Region still in ‘high’ COVID level despite cases seeing slight decline

Public Health - Dayton & Montgomery County is recommending individuals stay up to date on their vaccinations, as well as monitor any COVID-19 symptoms and isolate yourself if you are sick. JIM NOELKER/STAFF

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Public Health - Dayton & Montgomery County is recommending individuals stay up to date on their vaccinations, as well as monitor any COVID-19 symptoms and isolate yourself if you are sick. JIM NOELKER/STAFF

Hospitalizations, hospital capacity still a factor

The entire Dayton region is at a “high” COVID-19 community level, according to the Centers for Disease Control and Prevention, even as Ohio reports a slight decrease in the number of cases.

Last week, Champaign and Clark counties were at the “medium” level, but the CDC’s latest update returned those counties back to “high.” The case rates are 262.31 cases per 100,000 people and 296.83 cases per 100,000 people for Champaign and Clark counties, respectively, according to the CDC.

Those counties rejoin Butler, Darke, Greene, Miami, Montgomery, Preble, and Warren counties, which have continued at the “high” level over the last few weeks.

ExploreEntire Miami Valley back ‘high’ COVID community level

The state added 27,785 COVID cases in the last week, about 2,000 fewer than the 29,876 cases reported last Thursday, according to the Ohio Department of Health. It’s the first time in more than a month that the state’s weekly case total decreased.

COVID-related deaths have gone up, though. The state recorded 98 COVID deaths in the past week compared to 54 in the previous week, according to the state health department.

Dan Suffoletto, public information manager for Public Health - Dayton & Montgomery County (PHDMC), explained the CDC also takes hospitalizations and hospital capacity into account when determining the community levels for the area.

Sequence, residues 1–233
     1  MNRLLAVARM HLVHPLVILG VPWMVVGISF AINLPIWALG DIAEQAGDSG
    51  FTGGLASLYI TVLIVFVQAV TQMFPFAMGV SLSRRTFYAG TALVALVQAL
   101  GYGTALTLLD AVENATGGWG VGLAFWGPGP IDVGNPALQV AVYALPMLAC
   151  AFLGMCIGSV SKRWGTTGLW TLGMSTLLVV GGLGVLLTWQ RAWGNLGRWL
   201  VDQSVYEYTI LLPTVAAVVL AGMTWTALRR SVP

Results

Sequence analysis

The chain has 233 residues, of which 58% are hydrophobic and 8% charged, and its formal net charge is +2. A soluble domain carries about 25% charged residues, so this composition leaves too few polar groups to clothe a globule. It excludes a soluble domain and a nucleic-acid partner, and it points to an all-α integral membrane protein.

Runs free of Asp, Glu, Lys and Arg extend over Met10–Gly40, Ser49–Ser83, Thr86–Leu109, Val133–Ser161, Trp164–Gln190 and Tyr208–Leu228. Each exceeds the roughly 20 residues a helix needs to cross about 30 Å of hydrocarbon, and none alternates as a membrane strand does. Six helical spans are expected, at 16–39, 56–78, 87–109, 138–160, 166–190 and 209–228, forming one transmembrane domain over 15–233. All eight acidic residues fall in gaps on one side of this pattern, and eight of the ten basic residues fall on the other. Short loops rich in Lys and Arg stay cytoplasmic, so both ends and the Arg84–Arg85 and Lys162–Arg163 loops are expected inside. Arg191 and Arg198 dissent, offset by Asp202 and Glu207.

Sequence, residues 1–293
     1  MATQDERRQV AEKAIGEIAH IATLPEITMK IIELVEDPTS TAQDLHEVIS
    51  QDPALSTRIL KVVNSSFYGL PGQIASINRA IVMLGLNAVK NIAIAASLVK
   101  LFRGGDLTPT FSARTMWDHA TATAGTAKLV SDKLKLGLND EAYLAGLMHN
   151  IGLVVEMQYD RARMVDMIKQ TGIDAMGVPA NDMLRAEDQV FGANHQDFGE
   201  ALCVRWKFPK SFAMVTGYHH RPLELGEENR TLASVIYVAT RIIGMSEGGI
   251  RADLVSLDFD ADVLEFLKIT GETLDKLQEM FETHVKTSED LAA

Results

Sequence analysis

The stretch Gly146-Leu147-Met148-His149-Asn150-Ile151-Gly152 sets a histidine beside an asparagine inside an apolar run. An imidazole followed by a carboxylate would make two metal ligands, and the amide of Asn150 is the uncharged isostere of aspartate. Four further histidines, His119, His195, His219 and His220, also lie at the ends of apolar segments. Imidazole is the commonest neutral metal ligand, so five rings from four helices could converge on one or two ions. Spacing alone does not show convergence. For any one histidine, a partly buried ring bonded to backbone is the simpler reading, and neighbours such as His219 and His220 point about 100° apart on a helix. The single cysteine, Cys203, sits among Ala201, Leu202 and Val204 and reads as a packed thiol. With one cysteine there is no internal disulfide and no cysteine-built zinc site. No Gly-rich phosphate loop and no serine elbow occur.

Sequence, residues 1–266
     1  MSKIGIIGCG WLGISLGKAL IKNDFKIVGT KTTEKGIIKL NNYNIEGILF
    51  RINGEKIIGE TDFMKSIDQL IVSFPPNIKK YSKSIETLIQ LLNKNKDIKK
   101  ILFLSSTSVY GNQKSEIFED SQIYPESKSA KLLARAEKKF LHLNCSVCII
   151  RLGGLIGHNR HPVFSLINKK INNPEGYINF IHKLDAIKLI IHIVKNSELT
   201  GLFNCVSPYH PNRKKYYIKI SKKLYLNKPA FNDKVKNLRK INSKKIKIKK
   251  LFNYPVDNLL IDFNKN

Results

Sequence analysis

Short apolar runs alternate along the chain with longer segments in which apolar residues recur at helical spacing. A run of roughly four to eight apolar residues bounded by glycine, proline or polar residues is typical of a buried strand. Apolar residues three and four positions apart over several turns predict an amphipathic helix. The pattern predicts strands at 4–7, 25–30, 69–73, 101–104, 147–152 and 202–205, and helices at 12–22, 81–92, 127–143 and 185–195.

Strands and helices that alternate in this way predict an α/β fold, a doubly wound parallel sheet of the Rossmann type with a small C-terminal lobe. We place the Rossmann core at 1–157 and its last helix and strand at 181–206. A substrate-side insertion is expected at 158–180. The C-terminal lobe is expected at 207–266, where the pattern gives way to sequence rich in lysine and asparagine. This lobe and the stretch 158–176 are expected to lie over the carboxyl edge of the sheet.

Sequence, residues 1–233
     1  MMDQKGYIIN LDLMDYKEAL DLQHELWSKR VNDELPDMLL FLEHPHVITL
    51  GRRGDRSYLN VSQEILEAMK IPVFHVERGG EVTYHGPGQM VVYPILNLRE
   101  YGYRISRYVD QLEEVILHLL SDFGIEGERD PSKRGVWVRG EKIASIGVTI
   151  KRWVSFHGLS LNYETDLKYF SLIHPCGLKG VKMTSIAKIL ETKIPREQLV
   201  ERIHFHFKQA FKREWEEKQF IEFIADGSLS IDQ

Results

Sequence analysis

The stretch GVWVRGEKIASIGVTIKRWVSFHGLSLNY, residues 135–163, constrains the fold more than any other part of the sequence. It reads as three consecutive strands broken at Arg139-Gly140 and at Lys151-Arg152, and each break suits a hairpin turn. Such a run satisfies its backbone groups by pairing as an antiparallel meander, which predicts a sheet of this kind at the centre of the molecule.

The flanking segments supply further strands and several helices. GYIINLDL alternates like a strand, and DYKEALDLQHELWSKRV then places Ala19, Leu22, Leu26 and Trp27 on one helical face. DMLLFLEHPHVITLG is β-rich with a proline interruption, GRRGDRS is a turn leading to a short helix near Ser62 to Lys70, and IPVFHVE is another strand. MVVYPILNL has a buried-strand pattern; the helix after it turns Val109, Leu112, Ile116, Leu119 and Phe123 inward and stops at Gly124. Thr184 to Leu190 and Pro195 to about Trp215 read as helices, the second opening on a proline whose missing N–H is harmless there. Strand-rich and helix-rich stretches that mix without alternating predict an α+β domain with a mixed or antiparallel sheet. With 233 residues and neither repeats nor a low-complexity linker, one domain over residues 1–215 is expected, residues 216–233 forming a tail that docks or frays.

“COVID’s still a concern here in Montgomery County and throughout the nation,” Suffoletto said.

In the West Central region where the Dayton area is located, approximately one in 14 patients in area hospitals are positive for COVID-19, according to the Ohio Hospital Association. There are 141 people currently hospitalized as an inpatient with COVID as of Friday. This is a 10% increase over the last seven days, 27% increase over the last 21 days, and 171% increase over the last 60 days.

In the West Central region, the available inpatient capacity as of Thursday was 18% with 76.5% of inpatient beds being used by non-COVID patients and 5.5% of beds being used by COVID patients. The available capacity in the ICU was 27.99% with 19 COVID patients and 264 non-COVID patients in the ICU. There were also eight COVID patients on ventilators, 80 non-COVID patients on ventilators, and approximately 85% of area ventilators available.

ExploreOhio reports slight dip in COVID cases, hospitalizations

In Montgomery County, Suffoletto said they have seen a slight decrease in cases. The case rate is approximately 334.97 cases per 100,000 people with 23 new COVID-19 hospital admissions per 100,000 people, according to the CDC. Similarly in Greene County, the case rate is 321.42 cases per 100,000 people.

There are only two counties in Ohio with a “low” community level — Hancock and Seneca counties. There are 19 Ohio counties at “medium,” according to the CDC. The remaining 67 counties are at a “high” community level In the U.S., 41.7% of counties have a “high” COVID community level, 38.91% are “medium” and 19.39% are “low,” the CDC reported.

The CDC recommends the following for people in a “high” community level county:

  • Wear a mask indoors in public regardless of vaccination status;
  • Stay up to date with COVID-19 vaccines;
  • Get tested if you have symptoms.

People who are immunocompromised or at risk of severe illness should talk to their doctor about additional precautions, as well as possible coronavirus treatment options.

Additionally, health officials are reminding individuals to monitor their symptoms and to isolate themselves if they are sick.

“COVID’s still something the public should be concerned with,” Suffoletto said.